March highlights BNP controversy
Tensions between anti-fascist and far-right groups were running high after street fights in Birmingham the previous weekend between football-linked groups protesting against Islamic fundamentalism and young Asian men.
But the atmosphere as hundreds of demonstrators from across Britain descended on the village Codnor in Derbyshire seemed more one of cheerful determination to celebrate and protect multi-cultural Britain than a belligerent mob set on fist-fighting in fields.
The police had clearly prepared for the worst, enacting public order legislation to stop protesters getting too close to the controvertial campers in nearby fields and putting 500 officers on the ground to enforce it.
The media too had turned out in force, with dozens of photographers and TV cameras buzzing around the crowd which waspenned into the tiny Derbyshire village square before the official march started.
It seemed to me that the assembled variety of ages, races and religions perfectly reflected what is great about modern life in British cities.
But many of the uniformly white local residents stood watching from the other side of the main street were unimpressed by the annual invasion.
Veggie pasties and soya-milk cups of tea helped keep the swelling crowd and lingering journalists in good spirits for a few hours of speeches by anyone brave enough to take the open mic, while the police got to put their crowd control practice into action when a few demonstrators made half-hearted early breakout attempts.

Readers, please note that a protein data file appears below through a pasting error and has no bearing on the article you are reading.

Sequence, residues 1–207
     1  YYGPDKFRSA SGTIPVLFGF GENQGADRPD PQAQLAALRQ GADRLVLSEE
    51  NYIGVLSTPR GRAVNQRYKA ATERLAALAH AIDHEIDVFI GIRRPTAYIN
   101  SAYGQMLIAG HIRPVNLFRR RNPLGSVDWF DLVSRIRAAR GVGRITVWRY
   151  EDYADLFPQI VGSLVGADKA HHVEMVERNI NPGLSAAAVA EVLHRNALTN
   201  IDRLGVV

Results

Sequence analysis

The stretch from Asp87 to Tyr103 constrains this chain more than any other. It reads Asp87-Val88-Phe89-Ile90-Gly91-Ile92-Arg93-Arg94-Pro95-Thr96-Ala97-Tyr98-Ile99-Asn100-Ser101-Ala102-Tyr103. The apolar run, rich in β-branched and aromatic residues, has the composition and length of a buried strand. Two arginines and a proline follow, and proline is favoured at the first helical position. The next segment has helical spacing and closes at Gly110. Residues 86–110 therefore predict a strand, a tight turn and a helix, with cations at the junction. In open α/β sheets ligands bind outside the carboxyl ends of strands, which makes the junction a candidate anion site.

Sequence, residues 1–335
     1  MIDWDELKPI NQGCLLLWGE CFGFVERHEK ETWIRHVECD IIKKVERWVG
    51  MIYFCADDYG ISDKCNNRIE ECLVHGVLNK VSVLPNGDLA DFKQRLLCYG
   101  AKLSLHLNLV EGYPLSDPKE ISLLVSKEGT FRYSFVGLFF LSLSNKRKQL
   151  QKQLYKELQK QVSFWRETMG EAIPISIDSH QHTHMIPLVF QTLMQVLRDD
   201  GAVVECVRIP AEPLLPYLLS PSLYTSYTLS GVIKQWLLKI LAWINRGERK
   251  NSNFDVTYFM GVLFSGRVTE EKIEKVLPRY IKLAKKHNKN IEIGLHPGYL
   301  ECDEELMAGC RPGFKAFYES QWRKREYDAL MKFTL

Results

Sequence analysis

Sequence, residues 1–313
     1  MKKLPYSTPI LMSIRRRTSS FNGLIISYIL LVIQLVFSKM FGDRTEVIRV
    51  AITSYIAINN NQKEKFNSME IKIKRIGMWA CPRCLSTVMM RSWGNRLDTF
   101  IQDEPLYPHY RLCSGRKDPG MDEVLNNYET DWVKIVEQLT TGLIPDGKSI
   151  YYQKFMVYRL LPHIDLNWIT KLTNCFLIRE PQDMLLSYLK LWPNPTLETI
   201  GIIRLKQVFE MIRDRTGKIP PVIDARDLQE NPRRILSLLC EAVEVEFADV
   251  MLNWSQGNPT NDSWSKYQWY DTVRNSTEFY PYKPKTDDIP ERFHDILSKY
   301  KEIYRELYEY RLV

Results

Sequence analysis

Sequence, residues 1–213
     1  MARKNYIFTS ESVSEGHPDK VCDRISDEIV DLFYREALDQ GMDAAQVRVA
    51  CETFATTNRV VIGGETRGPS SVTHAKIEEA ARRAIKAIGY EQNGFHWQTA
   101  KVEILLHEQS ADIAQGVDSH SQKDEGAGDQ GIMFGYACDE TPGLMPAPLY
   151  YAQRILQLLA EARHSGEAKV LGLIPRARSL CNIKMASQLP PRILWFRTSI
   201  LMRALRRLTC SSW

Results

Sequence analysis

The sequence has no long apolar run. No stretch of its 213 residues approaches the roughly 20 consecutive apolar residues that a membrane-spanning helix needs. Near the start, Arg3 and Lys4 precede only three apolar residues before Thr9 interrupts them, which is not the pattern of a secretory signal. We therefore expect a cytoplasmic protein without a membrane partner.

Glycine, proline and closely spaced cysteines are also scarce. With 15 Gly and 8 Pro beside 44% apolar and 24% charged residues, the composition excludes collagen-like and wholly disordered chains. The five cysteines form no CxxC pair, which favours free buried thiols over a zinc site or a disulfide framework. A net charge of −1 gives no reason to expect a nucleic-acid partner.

And then we were off, down the country road towards the BNP camp, with the media leading the march, their cameras poised to snap any trouble and the placard-thrusting marchers.
Police were everywhere — on foot, in vans, on horses and in a helicopter — while a bizarre radio-controlled flying camera drone buzzed a few metres above the demonstrators’ heads.
Residents looked on with a mixture of bewilderment and resentment over having their quiet existence shattered by hundreds of chanting, flag-waving visitors but the march passed without incident until we got to the police roadblock outside the camp.
This is where everybody, me included, expected any trouble and a few demonstrators did their best to break through in a few brief surges onto the police line.
Four arrests during the minor scuffles tarnished the march a little but police agreed the protesters were mainly peaceful and cooperative.
The march back was more eventful, as the protesters traded insults with BNP sympathisers trying to get to the campsite, chanting “Follow your leader, shoot yourself like Hitler” to one would-be festival goer.
In true British tradition, many marched straight back to the village pub on the market square to reflect on the day’s events, giving at least one local business reason to be cheerful.